Monday, January 17, 2011

Collapse of Empires - Cahokia 2

Before reading the following quotation that discusses what happened after the collapse of the Cahokia, consider the following:  The Cahokia who left their collapse homeland were moving into areas were at least the people present understood the local methods of food production.  At least some of the Cahokian's themselves also understood small scale farming methods.  In a more modern setting, it is not clear where urbanites would move to find knowledgeable small scale food production.  So any flight of the urban to the less urban is more likely to be that of the unskilled toward the unskilled.This style of fighting continued until the arrival of the Spanish brought written accounts to what was happening.  There came to be an absence of massed graves, as people congregated in large enough towns to withstand assault and losses came from raids snatching isolated people.  Any individuals living in an isolated position would not have survived.
Wherever they moved, the liminal experience of resettlement once again up-ended the traditions of peoples.  The large early Mississippian polities were gone, and the agricultural peoples so liberated were simultaneously subjected to a level of violence hitherto unknown in the history of the continent.  Endemic warfare appeared across eastern North America, seen variously as an upsurge in the construction of palisades, as a disappearance of dispersed farmsteads, and as the increased rate of traumatic injury and death (Milner 1999).
Along the central Illinois River valley, violence seems to have become progressively worse through time. Consider this brief historical outline.  First, the initial Mississippian people appear as intruders… Burned houses hint at violent conflicts of a sort.  By AD 1200 creolized local Mississippian  population of that region live in a series of large towns, each with one large public building to one side, sometimes situated atop an earthen platform mound.  These towns were interspersed on the bluff crests overlooking the wide floodplain of the Illinois River.  Periodically, an entire town appears to have been burned to the ground. At fourteenth century Olrendorf…coworkers excavated a series of four superimposed villages.  Each was suspected to have been home to several hundred people.  Each in its turn had been burned to the ground.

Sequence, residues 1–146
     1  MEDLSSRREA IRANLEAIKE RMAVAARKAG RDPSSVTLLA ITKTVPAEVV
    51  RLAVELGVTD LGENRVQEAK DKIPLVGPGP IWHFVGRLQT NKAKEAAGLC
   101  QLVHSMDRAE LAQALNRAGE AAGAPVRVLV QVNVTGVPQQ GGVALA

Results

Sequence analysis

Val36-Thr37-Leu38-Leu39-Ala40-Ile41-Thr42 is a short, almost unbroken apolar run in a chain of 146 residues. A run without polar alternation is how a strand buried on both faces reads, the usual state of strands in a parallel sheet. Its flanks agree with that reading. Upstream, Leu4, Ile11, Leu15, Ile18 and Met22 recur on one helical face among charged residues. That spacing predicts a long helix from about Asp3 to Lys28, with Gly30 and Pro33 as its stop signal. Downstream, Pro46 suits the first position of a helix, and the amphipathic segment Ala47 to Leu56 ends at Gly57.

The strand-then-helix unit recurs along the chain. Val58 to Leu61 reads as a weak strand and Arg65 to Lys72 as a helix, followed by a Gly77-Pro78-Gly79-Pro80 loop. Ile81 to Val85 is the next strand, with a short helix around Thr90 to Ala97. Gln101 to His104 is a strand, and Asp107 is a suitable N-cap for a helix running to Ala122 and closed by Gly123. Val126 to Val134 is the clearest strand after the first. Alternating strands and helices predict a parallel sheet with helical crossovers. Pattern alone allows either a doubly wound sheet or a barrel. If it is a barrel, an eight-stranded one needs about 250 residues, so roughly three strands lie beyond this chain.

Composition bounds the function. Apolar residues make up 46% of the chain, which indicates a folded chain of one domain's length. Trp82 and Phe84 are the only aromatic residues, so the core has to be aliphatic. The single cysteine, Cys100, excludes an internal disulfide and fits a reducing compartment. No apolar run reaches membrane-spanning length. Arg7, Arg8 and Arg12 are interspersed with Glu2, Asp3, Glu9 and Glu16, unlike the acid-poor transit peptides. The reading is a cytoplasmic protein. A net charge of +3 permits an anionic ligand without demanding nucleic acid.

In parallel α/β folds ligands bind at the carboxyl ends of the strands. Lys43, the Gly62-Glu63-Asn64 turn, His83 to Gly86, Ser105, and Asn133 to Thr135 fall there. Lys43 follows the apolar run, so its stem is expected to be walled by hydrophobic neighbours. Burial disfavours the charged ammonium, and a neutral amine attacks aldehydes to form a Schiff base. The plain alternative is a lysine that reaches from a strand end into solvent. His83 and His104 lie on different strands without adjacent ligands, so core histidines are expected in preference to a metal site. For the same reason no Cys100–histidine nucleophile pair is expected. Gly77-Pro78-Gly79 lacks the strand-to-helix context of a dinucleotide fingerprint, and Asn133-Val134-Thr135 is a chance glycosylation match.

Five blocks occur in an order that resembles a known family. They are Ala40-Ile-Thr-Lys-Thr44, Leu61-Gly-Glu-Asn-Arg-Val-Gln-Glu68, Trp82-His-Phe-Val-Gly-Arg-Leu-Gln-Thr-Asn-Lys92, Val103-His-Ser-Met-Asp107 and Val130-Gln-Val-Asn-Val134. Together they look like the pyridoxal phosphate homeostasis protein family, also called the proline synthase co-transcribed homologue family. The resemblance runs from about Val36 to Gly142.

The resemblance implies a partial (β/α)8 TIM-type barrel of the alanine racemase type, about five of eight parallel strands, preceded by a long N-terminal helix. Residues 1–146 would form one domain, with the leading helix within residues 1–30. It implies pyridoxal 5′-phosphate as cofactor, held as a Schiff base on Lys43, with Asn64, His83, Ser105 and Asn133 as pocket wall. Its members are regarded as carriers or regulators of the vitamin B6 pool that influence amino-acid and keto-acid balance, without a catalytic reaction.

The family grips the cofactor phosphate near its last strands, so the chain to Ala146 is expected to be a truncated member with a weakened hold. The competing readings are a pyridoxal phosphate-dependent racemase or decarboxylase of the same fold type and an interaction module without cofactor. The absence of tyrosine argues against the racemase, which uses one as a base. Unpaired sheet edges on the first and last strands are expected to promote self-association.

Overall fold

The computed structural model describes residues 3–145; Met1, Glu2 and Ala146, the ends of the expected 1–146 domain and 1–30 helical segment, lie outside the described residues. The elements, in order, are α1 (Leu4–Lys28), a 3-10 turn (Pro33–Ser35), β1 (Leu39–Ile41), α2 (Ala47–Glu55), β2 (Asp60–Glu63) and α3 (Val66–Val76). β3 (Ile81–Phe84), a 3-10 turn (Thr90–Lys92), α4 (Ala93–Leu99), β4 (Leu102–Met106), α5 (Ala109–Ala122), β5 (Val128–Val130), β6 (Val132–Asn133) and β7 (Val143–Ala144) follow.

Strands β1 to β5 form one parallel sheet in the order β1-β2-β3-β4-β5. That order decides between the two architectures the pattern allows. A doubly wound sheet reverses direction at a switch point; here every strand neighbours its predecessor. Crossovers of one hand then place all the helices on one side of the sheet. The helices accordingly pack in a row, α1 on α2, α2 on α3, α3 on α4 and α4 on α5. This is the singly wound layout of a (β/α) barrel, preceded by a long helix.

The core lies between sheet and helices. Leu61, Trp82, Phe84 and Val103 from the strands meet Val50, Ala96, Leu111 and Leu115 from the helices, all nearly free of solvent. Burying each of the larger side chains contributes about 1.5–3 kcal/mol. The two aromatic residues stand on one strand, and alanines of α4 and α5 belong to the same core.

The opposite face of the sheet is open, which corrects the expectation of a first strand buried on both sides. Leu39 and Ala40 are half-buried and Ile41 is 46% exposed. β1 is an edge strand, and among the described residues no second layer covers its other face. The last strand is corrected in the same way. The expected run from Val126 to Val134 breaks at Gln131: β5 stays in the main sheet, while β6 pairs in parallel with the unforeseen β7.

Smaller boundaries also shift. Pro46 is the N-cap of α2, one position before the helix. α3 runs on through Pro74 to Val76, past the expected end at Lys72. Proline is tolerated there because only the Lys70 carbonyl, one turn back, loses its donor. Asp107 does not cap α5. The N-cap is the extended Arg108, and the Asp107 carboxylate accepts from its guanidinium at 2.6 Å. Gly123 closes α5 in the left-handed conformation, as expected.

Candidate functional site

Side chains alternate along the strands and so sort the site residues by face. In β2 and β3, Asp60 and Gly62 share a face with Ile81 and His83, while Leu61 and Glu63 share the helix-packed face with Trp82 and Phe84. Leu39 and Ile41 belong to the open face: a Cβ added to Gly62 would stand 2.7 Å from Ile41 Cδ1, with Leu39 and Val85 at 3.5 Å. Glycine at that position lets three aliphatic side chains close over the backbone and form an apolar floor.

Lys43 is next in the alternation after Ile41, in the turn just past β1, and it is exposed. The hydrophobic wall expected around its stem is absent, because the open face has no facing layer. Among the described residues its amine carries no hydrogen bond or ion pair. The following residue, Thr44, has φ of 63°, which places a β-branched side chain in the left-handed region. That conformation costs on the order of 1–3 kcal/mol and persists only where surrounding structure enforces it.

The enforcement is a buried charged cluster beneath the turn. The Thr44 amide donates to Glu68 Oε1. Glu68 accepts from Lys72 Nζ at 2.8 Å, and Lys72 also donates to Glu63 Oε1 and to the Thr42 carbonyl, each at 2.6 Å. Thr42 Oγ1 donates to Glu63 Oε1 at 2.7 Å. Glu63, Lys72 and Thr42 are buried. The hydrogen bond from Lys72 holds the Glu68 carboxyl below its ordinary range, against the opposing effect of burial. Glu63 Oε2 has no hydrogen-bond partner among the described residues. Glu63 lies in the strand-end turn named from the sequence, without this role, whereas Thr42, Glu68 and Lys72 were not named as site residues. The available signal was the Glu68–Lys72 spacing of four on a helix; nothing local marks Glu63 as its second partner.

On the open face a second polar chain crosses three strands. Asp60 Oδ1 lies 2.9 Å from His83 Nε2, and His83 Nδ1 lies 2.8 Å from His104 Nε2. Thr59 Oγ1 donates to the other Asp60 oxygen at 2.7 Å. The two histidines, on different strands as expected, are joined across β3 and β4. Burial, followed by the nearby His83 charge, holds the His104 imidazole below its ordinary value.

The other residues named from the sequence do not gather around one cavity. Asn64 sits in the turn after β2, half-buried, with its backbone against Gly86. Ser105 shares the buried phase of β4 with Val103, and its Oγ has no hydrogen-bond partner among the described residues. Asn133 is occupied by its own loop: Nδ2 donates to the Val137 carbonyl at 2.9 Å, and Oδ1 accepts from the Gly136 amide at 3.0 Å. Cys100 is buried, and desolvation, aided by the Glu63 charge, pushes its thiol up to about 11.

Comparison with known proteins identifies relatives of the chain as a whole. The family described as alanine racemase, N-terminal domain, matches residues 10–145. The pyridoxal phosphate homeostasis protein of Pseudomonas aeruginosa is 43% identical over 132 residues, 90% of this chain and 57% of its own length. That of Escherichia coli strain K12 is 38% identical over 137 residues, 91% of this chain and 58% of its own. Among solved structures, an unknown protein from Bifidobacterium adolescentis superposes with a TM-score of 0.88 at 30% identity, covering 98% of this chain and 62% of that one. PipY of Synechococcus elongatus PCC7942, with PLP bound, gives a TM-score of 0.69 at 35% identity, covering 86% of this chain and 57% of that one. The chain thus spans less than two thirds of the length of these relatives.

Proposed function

This sort of village-based warfare spilled out into the Plains, exacerbated  by the migrations of peoples from the east whose lifestyles, language, or claims to the land apparently could not be peacefully reconciled with those of the peoples already there. ..The results include the famous Crow Creek massacre… [At the 7 ha Crow Creek Village, an earlier fortification had been allowed to deteriorate, leaving the village unprotected.] At some point the residents sensed a new threat and began work on a fortified ditch and a new bastion palisade wall.  However, before work could be completed the enemy attacked.  Most of the men, women, and children of the village were massacred.  At least 486 people were heaped into one portion of the incomplete 300m long, 3. Deep fortification ditch.  The lower incidence of young women indicates they were either captured and carried off, or managed to run away as the male defenders stood their ground…
Warfare was becoming a no-holds-barred proposition on the eastern Plains and back in the Mississippian heartland.  Whereas early Mississippians infrequently touted their arrows and falcon imagery…late Mississippian warfare was a much less of an aristocratic pursuit.  The enemy killed all people indiscriminately.  The intent was not merely prestige, but an early form of ethnic cleansing.   In one 15th century cemetery in central Illinois, 1/3 of all adults were killed by their enemies. Form blows to the head, arrow wounds, or scalping.  May of these people showed evidence of parry fractures on the arms, produced by the force of a blunt instrument across a long bone, caused when they had attempted to fend of attackers, ultimately unsuccessfully.

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